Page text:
On behalf of the Board and the Members, I welcome Yvonne to the position of President of Queensland Athletics.

Yvonne said “It's difficult to put into a few sentences the impact that Des Johnson has had on sport over the past 10 years. Des fell into the role of President of Queensland athletics, when our dear friend Reg Brandis passed away in early 2012. We went from being a state divided to an organisation that Finally sat together at the one table and, to be honest, it could’ve gone all wrong.”

“But with Des' leadership we were able to work together to ensure that we had a stable and strong association that put athletes front and centre. Des, on behalf of the board, the staff, the clubs and again most importantly the athletes here in Queensland, thank you for your service to our sport... you are gentlemen and a scholar, and we look forward to continuing to work with you as a member of the QA board through to your retirement in 2022.”


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12 Queenslanders selected to the World u20 Australian team

To read about the 12 Queenslander's that were selected onto the team, click here

Athletics Australia (AA) is pleased to announce a 49-strong team of junior athletes to represent Australia at the Oceania Athletics Invitational series on the Gold Coast next month.

Following the announcement that AA will not send a team to the World Athletics Under 20 Championships in Nairobi, Kenya this August, athletes will instead travel to compete in the two-part competition series as they continue their development pathway towards the Olympic Games.

For some athletes selected, this will be their first taste of what it means to represent their nation at an international level, while all athletes will benefit from the team camp and competition experience from June 2 – 13.

Athletics Australia Chief Executive Officer Peter Bromley said despite the team not travelling overseas, the selection of an athlete to an Australian team holds much significance and should be recognised accordingly.

“The 49 athletes we have selected are some of the most impressive athletes from our next generation, and some of them will no doubt become household names in the years to come as we look ahead to Birmingham 2022, the World Championships next year and of course, Paris 2024,” Bromley said.

“Despite not sending a team overseas, we felt each of them deserved due recognition for their hard work and determination to excel in our sport, with each reaching international qualifying standards and winning coveted medals at our Australian Track and Field Championships last month.

“I’d like to congratulate each of them on their selection, and I look forward to seeing each athlete compete for their nation next month and experience the next step on their journey as they strive towards representing Australia at a senior level.”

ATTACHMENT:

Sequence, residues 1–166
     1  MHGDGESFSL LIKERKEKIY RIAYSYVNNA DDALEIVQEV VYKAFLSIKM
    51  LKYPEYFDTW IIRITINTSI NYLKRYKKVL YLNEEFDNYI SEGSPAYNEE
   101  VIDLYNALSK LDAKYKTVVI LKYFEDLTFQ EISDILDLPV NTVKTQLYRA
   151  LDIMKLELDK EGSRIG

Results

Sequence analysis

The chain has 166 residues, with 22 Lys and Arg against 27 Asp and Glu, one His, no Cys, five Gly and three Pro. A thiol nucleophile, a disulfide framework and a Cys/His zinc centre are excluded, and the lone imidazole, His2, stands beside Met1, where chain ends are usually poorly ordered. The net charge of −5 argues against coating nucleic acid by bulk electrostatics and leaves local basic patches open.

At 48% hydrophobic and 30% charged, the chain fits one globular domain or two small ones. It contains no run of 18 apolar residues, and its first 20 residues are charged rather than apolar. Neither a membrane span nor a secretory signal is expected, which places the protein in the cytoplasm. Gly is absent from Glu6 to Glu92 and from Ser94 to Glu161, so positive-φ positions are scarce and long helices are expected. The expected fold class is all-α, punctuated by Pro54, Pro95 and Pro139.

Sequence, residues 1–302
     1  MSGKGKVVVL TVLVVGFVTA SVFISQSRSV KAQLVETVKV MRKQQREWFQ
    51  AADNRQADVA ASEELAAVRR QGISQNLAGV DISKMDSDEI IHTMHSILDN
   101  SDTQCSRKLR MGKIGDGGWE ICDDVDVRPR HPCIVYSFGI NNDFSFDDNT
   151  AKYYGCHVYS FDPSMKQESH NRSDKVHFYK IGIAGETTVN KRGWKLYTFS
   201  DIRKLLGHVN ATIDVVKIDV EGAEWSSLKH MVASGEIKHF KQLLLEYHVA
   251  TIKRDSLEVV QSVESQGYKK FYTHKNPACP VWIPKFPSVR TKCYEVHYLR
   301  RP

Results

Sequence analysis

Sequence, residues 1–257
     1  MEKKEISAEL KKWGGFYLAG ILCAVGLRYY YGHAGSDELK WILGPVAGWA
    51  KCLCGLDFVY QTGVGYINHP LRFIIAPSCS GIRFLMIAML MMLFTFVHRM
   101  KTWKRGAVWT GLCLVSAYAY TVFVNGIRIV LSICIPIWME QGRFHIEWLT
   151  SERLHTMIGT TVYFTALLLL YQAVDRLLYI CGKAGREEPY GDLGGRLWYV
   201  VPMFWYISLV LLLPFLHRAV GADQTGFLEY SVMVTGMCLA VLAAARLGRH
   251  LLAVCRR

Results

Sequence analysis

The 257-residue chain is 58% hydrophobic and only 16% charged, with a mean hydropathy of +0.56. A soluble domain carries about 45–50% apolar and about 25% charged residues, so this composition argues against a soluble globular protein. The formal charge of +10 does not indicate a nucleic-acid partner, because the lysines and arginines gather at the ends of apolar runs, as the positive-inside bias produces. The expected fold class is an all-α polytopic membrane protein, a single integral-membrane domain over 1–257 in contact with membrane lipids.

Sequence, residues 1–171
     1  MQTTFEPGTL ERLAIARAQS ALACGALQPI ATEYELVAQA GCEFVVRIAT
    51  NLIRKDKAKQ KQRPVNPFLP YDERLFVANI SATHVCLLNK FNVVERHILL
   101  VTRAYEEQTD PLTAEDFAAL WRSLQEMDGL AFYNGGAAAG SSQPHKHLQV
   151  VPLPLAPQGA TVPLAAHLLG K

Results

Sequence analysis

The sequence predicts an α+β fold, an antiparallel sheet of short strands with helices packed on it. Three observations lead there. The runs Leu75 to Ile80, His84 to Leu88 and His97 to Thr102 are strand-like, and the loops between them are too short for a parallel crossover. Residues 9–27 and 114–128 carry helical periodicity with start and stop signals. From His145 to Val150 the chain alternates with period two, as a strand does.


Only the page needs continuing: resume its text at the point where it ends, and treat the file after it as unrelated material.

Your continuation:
Athletes will compete against the New Zealand Under 20 representative team, athletes from the Oceania region, as well as Australian athletes who will continue their quest towards Tokyo. The camp held around the two competitions is proudly supported by the City of Gold Coast.


2021 Australian Under 20 Athletics Team:

  • Calab Law (Andrew Iselin) – 100m, 200m and 4 x 100m relay
  • Taylah Cruttenden (Brayden Clarke) – 100m and 4 x 100m relay
  • Torrie Lewis (Gerrard Keating) – 100m, 200m and 4 x 100m relay
  • Caitlyn Ferrier (Marilyn Pearson) – 200m, 4 x 400m relay and mixed relay
  • Reece Holder (Sharon Dale)– 400m, 4 x 400m relay and mixed relay
  • Joshua Atkinson (Graham Garnett) – 400m, 800m, 4 x 400m relay and mixed relay
  • Jasmin Guthrie (Angus McIntyre) – 400m, 4 x 400m relay and mixed relay
  • Ellie Beer (Brett Robinson) – 400m, 4 x 400m relay and mixed relay
  • Charlie Jefferson (Penny Gillies) – 800m, 4 x 400m relay
  • Matilda Ryan (Penny Gillies) – 800m, 4 x 400m relay
  • Claudia Hollingsworth (Craig Mottram) – 800m
  • Jude Thomas (Peter Reeves) – 1500m, 3000m, 5000m
  • Tom Palfrey (Lee Bobbin) – 1500m
  • Jaylah Hancock-Cameron (Andae Kalemusic) – 1500m
  • Nicola Hogg (Ben Liddy) – 1500m
  • Adam Goddard (Adam Didyk) – 3000m
  • Amy Bunnage (Tim O’Shaughnessy) – 3000m
  • Imogen Stewart (Owen Stewart)– 3000m
  • Ky Robinson (Ricardo Santos)– 5000m and 3000m Steeplechase
  • Tayleb Willis (Peter Benifer) – 110m hurdles
  • Colby Eddowes (Mike Barber) – 110m hurdles
  • Erin Shaw (Jack McArdle) – high jump
  • Rosie Tozer (Michael Hamlyn Harris) – high jump
  • Elyssia Kenshole (Bill Georgantis) – pole vault
  • Olivia Gross (Hamish Nelson) – pole vault
  • Mietta Russell (Lloyd Knight) – long jump and 4 x 100m relay
  • Tomysha Clark (Renee Clark) – long jump
  • Aiden Hinson (Chloe Stevens) – triple jump
  • Tiana Boras (Nick Hodgson) – triple jump
  • Lyvante Su-emai (Junior Su’emai)– shot put and discus throw
  • Marley Raikiwasa (Diane Ferguson) – discus throw
  • Jett Carlin (Paul Carlin)– hammer throw
  • Mackenzie Mielczarek (Steve Cain) – javelin throw
  • Mia Gordon (Morgan Ward) – javelin throw
  • Liam Gilbert (Brendan Peeters)– heptathlon / decathlon
  • Will Thompson (Brent Vallance) – 10,000m race walk
  • Corey Dickson (Donna Dickson) – 10,000m race walk
  • Olivia Sandery (Bob Cruise)– 10,000m race walk
  • Alana Peart (Wayne Peart) – 10,000m race walk
  • Jai Gordon (Jackie Gallagher) – 4 x 100m relay
  • Rashid Kabba (Dan Suchy) – 4 x 100m relay
  • Ashley Wong (Travis Venema)– 4 x 100m relay
  • Tyson Bonney (Mark Ladbrook)– 4 x 100m relay, 4 x 400m relay
  • Aleksandra Stoilova (Daniel Suchy) – 4 x 100m relay
  • Tierney Dunne (Rob Marks) – 4 x 100m relay
  • Olivia Matzer (Brett Robinson) – 4 x 100m relay
  • Jack Boulton (Jason Boulton) – 4 x 400m relay and mixed relay
  • Alexander Creak (Liz Gray) – 4 x 400m relay
  • Sidney Burrell (Graham Garnett)– 4 x 400m relay

By Sascha Ryner, Athletics Australia


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Men's 100m Preview - Queensland Track Classic